Friday, December 15, 2006

More on Stolen Clown Statues

Scandals surrounding Sarasota's clown statue iniative have been a source of amusement to me for well over a year now. From the first announcement of the city's plan to erect 70 large fiberglass clowns last fall, there has been a barrage of criticisms from locals ranging from artists to a surprisingly high number of coulrophobes. As early as November 2005, before the statues were put up, the chair of Sarasota's Public Art Committee expressed serious concerns about vandalism and possibly even protests from a sizeable "anti-clown" faction.

Interestingly, this is not the first time Sarasota has hosted a large public exhibition of clown-related art. In 1999, Japanese painter Bummei Okabe came to Sarasota to do a four-month exhibition of more than 150 clown paintings he'd created.

Live, from Sarasota, it's clowns on camera

SARASOTA -- James Goethe has decided to confront Sarasota's clown vandals.

The owner of Hypercube Technologies, he plans to lend his spy services to the gaggle of downtown statues, some of which have been bashed, beheaded and, most recently, stolen.

His company will install 24-hour surveillance cameras next week at two clown locations, on Main Street across from the Hollywood 20 movie theater and at Five Points.

"I was watching TV one night when I saw that the clowns were being vandalized," said Goethe, who will also set up a live Web feed from at least one set of the fiberglass statues. "It kind of angers me."

Sarasota's "Clowning Around Town" public art exhibit and fundraiser for TideWell Hospice and Palliative Care has been the repeated target of vandalism since the nearly 50 statues made their debut in October.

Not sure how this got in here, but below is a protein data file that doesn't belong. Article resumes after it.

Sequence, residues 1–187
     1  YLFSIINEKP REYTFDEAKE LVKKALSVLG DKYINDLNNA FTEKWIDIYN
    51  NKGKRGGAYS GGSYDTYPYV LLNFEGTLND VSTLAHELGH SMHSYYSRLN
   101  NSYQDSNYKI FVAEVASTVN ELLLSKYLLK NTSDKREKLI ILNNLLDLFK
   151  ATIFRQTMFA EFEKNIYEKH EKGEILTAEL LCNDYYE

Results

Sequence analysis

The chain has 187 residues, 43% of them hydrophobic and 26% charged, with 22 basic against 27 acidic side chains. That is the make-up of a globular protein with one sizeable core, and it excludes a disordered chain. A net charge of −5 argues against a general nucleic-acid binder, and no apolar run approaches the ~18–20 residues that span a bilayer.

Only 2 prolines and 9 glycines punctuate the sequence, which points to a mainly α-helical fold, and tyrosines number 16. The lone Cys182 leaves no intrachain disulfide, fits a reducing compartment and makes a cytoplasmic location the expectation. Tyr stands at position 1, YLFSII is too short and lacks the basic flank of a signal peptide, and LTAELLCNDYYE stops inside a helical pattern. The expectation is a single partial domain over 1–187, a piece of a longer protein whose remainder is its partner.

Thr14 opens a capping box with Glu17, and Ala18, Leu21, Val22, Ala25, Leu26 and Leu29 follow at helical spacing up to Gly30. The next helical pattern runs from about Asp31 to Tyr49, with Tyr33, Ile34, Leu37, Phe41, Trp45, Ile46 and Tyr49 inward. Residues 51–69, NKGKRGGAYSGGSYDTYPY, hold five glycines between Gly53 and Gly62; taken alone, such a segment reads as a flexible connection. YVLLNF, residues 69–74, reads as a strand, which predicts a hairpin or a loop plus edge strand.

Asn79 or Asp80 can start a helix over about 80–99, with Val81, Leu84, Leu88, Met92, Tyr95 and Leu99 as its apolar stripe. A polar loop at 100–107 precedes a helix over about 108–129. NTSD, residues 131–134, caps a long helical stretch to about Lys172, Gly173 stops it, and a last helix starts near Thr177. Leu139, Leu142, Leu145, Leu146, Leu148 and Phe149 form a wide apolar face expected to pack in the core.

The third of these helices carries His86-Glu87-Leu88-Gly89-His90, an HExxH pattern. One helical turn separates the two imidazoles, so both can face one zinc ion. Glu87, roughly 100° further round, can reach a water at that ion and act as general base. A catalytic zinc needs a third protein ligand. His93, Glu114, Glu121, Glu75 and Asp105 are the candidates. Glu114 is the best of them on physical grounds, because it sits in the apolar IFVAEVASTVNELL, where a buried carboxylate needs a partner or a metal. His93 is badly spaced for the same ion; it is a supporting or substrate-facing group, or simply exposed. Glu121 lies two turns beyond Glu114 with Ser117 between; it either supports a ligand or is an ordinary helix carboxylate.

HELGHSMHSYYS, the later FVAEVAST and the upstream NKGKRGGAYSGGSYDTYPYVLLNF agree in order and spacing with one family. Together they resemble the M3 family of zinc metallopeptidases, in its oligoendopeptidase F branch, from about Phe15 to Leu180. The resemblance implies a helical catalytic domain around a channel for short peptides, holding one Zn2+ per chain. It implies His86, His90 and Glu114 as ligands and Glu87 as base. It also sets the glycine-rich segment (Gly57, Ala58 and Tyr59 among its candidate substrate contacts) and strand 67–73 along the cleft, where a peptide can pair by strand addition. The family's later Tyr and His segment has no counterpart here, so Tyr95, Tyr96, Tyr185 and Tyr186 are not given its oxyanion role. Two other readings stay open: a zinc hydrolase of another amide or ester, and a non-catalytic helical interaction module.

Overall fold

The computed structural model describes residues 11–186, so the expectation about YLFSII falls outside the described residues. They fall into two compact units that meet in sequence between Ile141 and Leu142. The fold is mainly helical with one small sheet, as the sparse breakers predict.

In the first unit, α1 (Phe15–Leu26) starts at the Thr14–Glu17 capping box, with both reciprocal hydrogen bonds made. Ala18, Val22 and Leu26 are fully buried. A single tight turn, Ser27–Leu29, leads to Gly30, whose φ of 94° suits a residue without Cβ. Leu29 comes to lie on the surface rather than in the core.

Last week, mischief escalated to theft when two of the beleagured bozos went missing.

Police found "When Pigs Fly" Saturday sitting in the alcove of a building on First Street.

But the search for the other statue, "Ra Ra Shish Boom Ba," continues some 40 miles beyond Sarasota.

The U.S. Coast Guard Sector St. Petersburg is investigating whether two of its crewmen had something to do with the abduction of the clown statue while their ship was docked overnight at Marina Jack last Monday.

The marina is just a few blocks from the perch of "Ra Ra Shish Boom Ba" on the corner of Main Street and Gulfstream Avenue.

Officials are releasing few details about the investigation, but said they are working with the Sarasota Police Department to return the statue to its corner.

"We hope to have this issue resolved as quickly as possible with the return of the clown," said Chief Warrant Officer Neal Feustel, commander of the cutter Vise, on which the suspects were stationed.

"We want to make things right with the citizens of Sarasota."

TideWell has spent more than $3,500 on clown repairs, said spokesman Dave Glaser.

Goethe, a Sarasota native, said he may expand his surveillance to a few other locations.

His company will also fix a camera on some of the clowns that will send a live image to the exhibit's Web site,

And he has plans in motion for a Web site where people in Sarasota and beyond will be able to virtually bid on the statues when they are auctioned off after the exhibit ends in April.

"That way we can have a lot more people bidding on it so we can raise the price up," he said. "There are a lot of poeple that are fanatics about collecting clowns."

As reward for his efforts, Goethe will get to have some input on the design for the exhibit's 50th clown.

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